The human body also produces odors that can throw off the taste of your brew. The most obvious example is what happens when you drink tea after brushing your teeth — the strong peppermint flavor in toothpaste will overpower even a strong black tea. However, it’s not just strong mint scents that can affect flavor; fragrances from food, perfume, or tobacco smoke can also change your perception of taste.
6. The World’s First Iced Tea
Richard Blechynden, the tea commissioner to the 1904 World’s Fair in St. Louis, was credited with the first iced tea recipe. 
Blechynden had set up a booth to promote British tea at the 1904 World’s Fair and was having trouble selling hot tea in the sweltering heat. To cool the product down, he poured hot tea over ice cubes in glasses, which eventually led to the invention of what we now know as iced tea.
7. Timing Plays an Important Role in Perfect Tea
Knowing how long you should let your tea bag steep in the water is important. Steep it for about 3-5 minutes if you are making black tea. If you want a more subtle taste, steep it for about 3 minutes. If you want a stronger taste, steep it for about 5 minutes. 
If you are making green tea, usually 1 to 2 minutes is good enough for the first infusion. After that, you can add 10-20 seconds for each subsequent infusion. Moreover, if you are making white tea, start with 1 minute and then add 15 seconds each time after that until the flavor starts to get weaker or starts to taste less sweet and more bitter.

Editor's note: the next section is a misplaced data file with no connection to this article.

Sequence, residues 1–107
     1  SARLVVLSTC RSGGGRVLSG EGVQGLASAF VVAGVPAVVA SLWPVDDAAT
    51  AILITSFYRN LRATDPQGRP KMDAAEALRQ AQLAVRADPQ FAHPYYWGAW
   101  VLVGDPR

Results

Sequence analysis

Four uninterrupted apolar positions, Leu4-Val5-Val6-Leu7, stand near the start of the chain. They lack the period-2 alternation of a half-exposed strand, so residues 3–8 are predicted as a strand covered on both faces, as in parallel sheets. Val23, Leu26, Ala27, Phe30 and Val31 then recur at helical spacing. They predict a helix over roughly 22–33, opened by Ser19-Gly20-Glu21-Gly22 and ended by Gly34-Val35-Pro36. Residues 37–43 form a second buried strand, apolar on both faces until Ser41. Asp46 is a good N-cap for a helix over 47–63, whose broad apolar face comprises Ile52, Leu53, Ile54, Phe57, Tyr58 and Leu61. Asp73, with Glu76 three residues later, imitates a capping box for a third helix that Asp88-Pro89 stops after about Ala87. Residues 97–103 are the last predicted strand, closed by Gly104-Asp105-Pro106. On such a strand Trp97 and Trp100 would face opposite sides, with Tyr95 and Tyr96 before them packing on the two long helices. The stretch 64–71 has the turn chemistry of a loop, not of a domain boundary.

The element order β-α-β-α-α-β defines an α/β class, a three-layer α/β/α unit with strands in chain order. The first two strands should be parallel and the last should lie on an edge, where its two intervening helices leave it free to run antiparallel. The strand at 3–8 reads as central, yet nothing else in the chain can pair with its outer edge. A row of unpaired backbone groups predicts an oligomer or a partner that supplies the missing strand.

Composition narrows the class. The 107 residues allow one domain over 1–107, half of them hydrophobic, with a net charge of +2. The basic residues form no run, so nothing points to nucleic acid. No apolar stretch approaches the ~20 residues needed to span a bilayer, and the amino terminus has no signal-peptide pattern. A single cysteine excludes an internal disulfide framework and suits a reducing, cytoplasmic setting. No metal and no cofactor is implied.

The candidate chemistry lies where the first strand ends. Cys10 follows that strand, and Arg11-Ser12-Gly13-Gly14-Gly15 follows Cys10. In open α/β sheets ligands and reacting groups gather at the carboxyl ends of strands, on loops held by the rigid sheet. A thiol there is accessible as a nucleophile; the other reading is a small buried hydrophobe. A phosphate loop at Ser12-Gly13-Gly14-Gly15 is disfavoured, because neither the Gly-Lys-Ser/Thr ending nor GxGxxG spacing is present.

8. Want to Stay Focused? Drink Tea
Tea contains caffeine, which can help you stay alert. If you feel like having coffee in the morning, you can switch to tea and get the same effect, but with less caffeine. The best time to have a cup of tea is between 10 am and 12 pm because the caffeine contained in tea can help you stay alert throughout the day. 
9. People used Ceramic Teapots in Asia and the Middle East around a Decamillennium ago
Ceramic teapots were first used in Asia and the Middle East around 11,000 years ago, and they are still an important part of tea culture. This is because porcelain as a material is very good at retaining heat. This means that a pot of tea can be kept hotter and longer. It also means that it takes more time to warm up the teapot, to begin with, but once it’s hot, it stays that way for quite some time.